Coda File System

Re: Yellow zone, slowing down writer

From: Jan Harkes <>
Date: Thu, 19 Feb 2004 14:25:48 -0500
On Thu, Feb 19, 2004 at 12:11:10PM -0600, Jason A. Pattie wrote:
> What does that mean?  I suppose that's why it's taking quite awhile to
> transfer the 580MB of data into the coda volume?

It means that your client is write-disconnected and performing more
operations faster than it can reintegrate with the server. If we didn't
slow down the writes, your client would end up using up the rest of the
reintegration log quite quickly and most likely crash. If your client is
not reintegration at all (possibly caused by a conflict) it will at some
point reach the 'red zone' and block any mutating operations. This is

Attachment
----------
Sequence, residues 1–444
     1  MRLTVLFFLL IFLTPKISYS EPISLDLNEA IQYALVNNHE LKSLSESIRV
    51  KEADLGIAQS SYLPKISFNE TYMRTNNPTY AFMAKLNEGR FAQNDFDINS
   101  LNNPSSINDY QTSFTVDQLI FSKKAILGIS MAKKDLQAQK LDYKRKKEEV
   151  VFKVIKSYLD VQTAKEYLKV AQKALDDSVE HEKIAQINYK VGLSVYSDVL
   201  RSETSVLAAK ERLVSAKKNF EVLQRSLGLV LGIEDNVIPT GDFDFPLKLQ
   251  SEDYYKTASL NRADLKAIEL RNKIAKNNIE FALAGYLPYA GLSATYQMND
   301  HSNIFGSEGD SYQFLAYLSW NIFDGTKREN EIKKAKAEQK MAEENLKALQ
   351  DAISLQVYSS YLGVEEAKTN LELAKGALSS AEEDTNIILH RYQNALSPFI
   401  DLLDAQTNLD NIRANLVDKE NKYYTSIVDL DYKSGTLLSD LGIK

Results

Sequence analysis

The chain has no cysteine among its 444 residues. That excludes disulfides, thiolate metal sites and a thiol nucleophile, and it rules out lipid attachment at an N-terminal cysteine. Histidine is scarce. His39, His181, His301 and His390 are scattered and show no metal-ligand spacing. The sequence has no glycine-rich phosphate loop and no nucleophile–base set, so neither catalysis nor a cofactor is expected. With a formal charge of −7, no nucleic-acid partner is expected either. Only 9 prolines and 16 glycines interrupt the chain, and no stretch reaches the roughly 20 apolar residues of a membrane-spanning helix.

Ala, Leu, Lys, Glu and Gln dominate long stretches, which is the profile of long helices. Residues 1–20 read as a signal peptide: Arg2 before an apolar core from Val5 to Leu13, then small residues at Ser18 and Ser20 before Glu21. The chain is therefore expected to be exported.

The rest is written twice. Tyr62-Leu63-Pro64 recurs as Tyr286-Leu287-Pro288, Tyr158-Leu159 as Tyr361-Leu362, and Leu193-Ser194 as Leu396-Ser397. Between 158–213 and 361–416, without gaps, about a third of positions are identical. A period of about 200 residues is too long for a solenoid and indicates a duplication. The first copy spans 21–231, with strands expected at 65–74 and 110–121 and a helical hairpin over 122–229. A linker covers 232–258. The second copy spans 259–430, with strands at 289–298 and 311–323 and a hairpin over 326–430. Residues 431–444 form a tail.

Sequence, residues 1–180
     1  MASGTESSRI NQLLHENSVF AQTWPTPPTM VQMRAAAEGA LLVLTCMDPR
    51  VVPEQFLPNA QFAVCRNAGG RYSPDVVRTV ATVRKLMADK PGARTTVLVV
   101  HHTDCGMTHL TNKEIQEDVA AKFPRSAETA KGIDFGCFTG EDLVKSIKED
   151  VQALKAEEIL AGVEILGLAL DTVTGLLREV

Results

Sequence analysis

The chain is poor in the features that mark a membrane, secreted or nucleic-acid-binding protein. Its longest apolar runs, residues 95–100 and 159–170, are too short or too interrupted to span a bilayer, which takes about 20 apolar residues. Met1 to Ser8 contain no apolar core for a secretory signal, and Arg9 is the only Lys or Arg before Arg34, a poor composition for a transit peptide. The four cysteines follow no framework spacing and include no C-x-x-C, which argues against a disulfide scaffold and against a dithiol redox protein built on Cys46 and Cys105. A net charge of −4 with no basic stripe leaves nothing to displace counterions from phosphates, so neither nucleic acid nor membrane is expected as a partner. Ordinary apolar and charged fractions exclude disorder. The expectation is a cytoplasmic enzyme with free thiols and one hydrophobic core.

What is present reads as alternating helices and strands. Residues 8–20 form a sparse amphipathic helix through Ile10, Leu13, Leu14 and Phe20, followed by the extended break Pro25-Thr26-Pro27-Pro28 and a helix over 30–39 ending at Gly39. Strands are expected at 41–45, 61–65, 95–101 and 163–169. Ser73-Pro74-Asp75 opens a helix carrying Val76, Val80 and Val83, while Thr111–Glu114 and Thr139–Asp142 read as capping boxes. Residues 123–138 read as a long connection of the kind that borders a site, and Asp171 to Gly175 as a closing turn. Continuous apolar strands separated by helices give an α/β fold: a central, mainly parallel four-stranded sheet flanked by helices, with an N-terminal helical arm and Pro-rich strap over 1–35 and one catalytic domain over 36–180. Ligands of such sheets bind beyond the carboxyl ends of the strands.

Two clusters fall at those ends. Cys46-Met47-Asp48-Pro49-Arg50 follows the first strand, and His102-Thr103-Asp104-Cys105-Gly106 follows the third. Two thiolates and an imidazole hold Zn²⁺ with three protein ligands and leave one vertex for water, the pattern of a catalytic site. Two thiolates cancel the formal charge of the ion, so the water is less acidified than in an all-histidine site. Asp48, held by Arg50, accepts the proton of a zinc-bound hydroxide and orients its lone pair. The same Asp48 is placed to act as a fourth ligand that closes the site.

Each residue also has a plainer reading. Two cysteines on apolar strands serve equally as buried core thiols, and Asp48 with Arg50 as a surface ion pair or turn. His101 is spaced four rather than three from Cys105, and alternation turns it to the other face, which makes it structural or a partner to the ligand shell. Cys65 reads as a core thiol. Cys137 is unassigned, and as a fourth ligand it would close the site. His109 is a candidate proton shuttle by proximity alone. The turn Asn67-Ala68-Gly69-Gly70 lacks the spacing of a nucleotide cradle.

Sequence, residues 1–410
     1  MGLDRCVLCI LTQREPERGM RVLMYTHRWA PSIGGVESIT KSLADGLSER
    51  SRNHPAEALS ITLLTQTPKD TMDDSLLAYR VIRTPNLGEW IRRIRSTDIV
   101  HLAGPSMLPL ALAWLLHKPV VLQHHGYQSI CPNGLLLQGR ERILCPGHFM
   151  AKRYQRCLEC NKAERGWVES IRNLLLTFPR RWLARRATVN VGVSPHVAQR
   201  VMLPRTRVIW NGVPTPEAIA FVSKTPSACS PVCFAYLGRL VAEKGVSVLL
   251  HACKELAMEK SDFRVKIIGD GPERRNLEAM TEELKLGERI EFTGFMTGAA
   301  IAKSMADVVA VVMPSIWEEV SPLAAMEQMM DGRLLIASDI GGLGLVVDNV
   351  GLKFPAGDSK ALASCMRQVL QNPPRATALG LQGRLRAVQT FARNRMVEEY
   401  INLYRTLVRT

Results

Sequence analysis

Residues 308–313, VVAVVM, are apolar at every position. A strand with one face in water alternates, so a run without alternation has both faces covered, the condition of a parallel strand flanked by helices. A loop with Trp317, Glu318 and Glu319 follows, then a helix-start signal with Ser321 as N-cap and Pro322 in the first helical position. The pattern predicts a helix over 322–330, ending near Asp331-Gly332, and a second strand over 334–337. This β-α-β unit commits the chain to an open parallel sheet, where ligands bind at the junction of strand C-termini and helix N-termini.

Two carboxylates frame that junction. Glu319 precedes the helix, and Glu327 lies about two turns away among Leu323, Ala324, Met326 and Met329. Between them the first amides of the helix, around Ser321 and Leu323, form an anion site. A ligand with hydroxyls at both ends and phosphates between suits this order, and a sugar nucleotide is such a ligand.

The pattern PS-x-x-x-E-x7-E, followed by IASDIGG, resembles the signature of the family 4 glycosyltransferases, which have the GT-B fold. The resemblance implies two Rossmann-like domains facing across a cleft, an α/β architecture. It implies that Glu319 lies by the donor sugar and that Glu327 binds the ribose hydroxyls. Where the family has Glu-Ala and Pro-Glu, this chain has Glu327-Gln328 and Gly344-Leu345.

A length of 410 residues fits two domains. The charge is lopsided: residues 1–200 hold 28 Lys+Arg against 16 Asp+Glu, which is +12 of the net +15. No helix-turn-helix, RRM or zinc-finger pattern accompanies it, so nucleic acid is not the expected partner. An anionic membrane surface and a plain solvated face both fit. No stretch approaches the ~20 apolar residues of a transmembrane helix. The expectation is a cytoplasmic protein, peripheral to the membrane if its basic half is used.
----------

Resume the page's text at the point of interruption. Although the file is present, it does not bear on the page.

pretty fatal in itself, because each blocked operation will use up a
worker thread and there are only about 20 of those.

> I did an 'cfs strong' command, but that didn't change anything.  Is it
> possible that the cache is getting full (only 400MB) and needs to purge
> least recently used entries or something and so it's taking lots of time?

I've said this many times before, there is no such thing as guaranteed
connected operation in Coda. If anything goes wrong during a write/store
operation the client will silently switch to write-disconnected
operation (logging state). If the server is slow to respond we switch to
a logging state. And reversely, when the client can't be reached by the
server, the server triggers the disconnect were are likely to switch to
a logging state.

The only thing that cfs strong does is prevent the client from listening
to the often incorrect 'bandwidth estimates' from the RPC2 communication
layer, so that transitions only happen in error cases and not based on
incorrect estimates. In fact, if you were already write-disconnected
before calling cfs strong, the client will never discover that the
network actually has good bandwidth and will never transition to the
connected state.

Received on 2004-02-19 14:28:20